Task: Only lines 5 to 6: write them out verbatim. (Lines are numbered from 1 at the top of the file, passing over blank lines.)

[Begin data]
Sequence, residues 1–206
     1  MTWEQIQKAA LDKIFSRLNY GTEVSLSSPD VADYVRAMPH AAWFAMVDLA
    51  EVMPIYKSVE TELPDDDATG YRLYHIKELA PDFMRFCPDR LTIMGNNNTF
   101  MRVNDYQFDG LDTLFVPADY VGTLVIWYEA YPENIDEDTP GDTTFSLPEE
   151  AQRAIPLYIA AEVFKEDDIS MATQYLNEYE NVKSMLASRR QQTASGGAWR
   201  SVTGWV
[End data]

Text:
   151  AQRAIPLYIA AEVFKEDDIS MATQYLNEYE NVKSMLASRR QQTASGGAWR
   201  SVTGWV